- name: http
                   containerPort: 8080
               readinessProbe:
                 httpGet:
                   path: /health/readiness
                   port: 8080
                 initialDelaySeconds: 5
                 timeoutSeconds: 3
               livenessProbe:
                 httpGet:
                   path: /health/liveness
                   port: 8080
                 initialDelaySeconds: 5
                 timeoutSeconds: 3
                 failureThreshold: 10
               env:
                 - name: MICRONAUT_ENVIRONMENTS
                   value: gcp
           imagePullSecrets:
             - name: gcpsersecret # <3>
     ---
     apiVersion: v1
     kind: Service
     metadata:
       namespace: gdk-k8s
       name: api
     spec:
       selector:
         app: api
       type: LoadBalancer
       ports:
         - protocol: TCP
           port: 8080
    

    1 The URI of the repository that you created in GKE. Change the <gcp-project-id> to your Google project id. You can achieve this by running sed -i'' -e "s/<project-id>/$GCP_PROJECT_ID/" api/k8s-gcp.yml.

    2 Change imagePullPolicy to Always.

    3 The name of a secret to pull container images from Google Container Registry.

  3. Tag an existing api microservice container image:

     docker tag api-gcp:latest ${API_REPOSITORY}:latest
    
  4. Push the tagged api microservice container image to the remote repository:

     docker push ${API_REPOSITORY}:latest
    

4. Deploy Microservices to GKE #

  1. Create a directory for a kubectl configuration:

     mkdir -p $HOME/.kube
    
  2. Install the Google kubectl component:

     gcloud components install kubectl
    
  3. Generate a kubectl configuration for authentication to GKE:

     gcloud container clusters get-credentials gdk-k8s
    
  4. Set KUBECONFIG to the created config file, as shown below. (This variable is consumed by kubectl.)

     export KUBECONFIG=$HOME/.kube/config
    
  5. Deploy the auth.yml file that you created in the Deploy a Micronaut Microservices Application to a Local Kubernetes Cluster guide:

     kubectl apply -f auth.yml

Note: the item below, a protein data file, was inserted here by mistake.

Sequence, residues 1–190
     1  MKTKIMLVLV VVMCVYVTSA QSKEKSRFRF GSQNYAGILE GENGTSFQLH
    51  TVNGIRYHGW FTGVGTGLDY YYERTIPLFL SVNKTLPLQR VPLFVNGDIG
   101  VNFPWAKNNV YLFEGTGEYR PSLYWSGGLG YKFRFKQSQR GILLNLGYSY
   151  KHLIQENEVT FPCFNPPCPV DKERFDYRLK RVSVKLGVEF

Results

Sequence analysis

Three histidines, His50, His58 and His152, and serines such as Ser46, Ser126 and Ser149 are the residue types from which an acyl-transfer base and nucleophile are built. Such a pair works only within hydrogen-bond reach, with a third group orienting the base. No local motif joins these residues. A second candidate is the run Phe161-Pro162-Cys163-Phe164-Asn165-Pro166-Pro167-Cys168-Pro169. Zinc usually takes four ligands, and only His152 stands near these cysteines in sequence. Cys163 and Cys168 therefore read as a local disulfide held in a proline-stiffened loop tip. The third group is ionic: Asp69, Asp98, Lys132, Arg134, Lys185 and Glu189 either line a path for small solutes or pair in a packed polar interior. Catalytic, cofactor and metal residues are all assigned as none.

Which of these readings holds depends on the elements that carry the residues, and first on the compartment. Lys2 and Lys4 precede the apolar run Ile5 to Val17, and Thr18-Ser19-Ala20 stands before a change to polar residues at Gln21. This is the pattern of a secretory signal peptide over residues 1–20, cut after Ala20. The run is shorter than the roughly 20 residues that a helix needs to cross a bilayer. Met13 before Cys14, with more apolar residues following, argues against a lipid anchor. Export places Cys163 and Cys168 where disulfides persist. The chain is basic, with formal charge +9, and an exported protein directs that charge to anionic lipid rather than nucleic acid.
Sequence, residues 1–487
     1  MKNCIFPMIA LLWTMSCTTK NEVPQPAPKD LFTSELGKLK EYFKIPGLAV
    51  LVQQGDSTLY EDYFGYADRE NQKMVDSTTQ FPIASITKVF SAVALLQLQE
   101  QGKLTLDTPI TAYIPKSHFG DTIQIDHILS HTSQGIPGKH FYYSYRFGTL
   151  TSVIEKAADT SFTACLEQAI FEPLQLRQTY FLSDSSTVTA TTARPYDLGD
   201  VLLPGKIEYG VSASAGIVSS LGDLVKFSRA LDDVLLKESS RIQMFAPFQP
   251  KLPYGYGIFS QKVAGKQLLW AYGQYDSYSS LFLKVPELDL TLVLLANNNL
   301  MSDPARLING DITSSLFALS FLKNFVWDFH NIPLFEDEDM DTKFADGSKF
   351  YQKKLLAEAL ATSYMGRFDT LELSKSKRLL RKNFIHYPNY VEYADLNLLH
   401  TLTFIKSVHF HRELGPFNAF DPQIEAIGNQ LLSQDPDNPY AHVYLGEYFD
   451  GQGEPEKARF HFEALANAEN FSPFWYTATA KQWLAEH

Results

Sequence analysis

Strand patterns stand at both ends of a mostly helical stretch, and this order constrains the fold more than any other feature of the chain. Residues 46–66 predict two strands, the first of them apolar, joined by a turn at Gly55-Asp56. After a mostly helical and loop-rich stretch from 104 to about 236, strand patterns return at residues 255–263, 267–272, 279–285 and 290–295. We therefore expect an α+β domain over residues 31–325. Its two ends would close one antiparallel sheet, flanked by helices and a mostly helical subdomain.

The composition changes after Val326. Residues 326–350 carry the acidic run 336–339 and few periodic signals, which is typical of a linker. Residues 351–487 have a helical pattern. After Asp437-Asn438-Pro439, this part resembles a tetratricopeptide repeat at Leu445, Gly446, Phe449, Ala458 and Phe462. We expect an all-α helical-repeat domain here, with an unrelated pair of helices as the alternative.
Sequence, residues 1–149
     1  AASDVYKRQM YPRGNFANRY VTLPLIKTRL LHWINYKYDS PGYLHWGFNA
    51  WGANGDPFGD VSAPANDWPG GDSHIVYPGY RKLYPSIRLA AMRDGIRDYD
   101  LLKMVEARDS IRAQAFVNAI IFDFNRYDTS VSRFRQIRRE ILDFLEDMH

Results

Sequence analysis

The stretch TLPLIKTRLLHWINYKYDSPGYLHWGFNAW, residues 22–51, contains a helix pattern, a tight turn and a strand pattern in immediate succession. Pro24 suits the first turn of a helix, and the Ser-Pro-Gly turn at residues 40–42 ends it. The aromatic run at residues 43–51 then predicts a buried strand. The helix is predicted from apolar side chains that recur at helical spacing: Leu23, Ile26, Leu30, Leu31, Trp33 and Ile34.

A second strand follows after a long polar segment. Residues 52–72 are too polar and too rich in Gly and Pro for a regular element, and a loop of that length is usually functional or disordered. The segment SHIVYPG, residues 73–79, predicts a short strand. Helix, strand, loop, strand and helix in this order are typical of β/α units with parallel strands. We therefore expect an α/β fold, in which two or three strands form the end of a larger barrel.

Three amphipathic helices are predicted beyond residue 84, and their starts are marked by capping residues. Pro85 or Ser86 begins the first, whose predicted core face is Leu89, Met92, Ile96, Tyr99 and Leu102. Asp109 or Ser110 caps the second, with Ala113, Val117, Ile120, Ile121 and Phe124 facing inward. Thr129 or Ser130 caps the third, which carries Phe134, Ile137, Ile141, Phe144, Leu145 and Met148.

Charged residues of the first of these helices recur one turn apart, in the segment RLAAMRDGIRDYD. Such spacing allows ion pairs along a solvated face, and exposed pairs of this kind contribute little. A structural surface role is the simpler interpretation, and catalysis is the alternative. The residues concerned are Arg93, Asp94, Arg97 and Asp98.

6. Create a secret named “gcpsersecret” for authentication to Google Cloud Container Registry using the command below. (GKE needs credentials to be able to pull your microservice container images.)

     kubectl create secret docker-registry gcpsersecret \
           --docker-server=gcr.io \
           --docker-username=oauth3accesstoken \
           --docker-password="$(gcloud auth print-access-token)" \
           --docker-email=your@email.com
    
  7. Deploy the users microservice:

     kubectl apply -f users/k8s-gcp.yml
    
  8. Deploy the orders microservice:

     kubectl apply -f orders/k8s-gcp.yml
    
  9. Run the next command to deploy the api microservice:

     kubectl apply -f api/k8s-gcp.yml
    

5. Test Integration Between the Microservices Deployed to GKE #

  1. Run the following command to check the status of the pods and make sure that all of them have the status “Running”:
     kubectl get pods -n=gdk-k8s
    
     NAME                      READY   STATUS    RESTARTS   AGE
     api-6fb4cd949f-kxxx8      1/1     Running   0          2d1h
     orders-595887ddd6-6lzp4   1/1     Running   0          2d1h
     users-df6f78cd7-lgnzx     1/1     Running   0          2d1h
  2. Run this command to check the status of the microservices:

     kubectl get services -n=gdk-k8s
    
     NAME         TYPE           CLUSTER-IP       EXTERNAL-IP             PORT(S)             AGE
     api          LoadBalancer   10.100.208.154   <redacted>              8080:31171/TCP      20m
     orders       NodePort       10.100.157.155   <none>                  8080:30742/TCP      20m
     users        NodePort       10.100.126.97    <none>                  8080:31580/TCP      20m

    If EXTERNAL-IP is in a <pending> state, wait a couple of seconds and then run the command again.

  3. Retrieve the URL of the api microservice and set it as the value of the $API_URL environment variable:
     export API_URL=http://$(kubectl get svc api -n=gdk-k8s -o json | jq -r '.status.loadBalancer.ingress[0].ip'):8080
    
  4. Run a curl command to create a new user via the api microservice:

     curl -X "POST" "$API_URL/api/users" \
          -H 'Content-Type: application/json; charset=utf-8' \
          -d '{ "first_name": "Nemanja", "last_name": "Mikic", "username": "nmikic" }'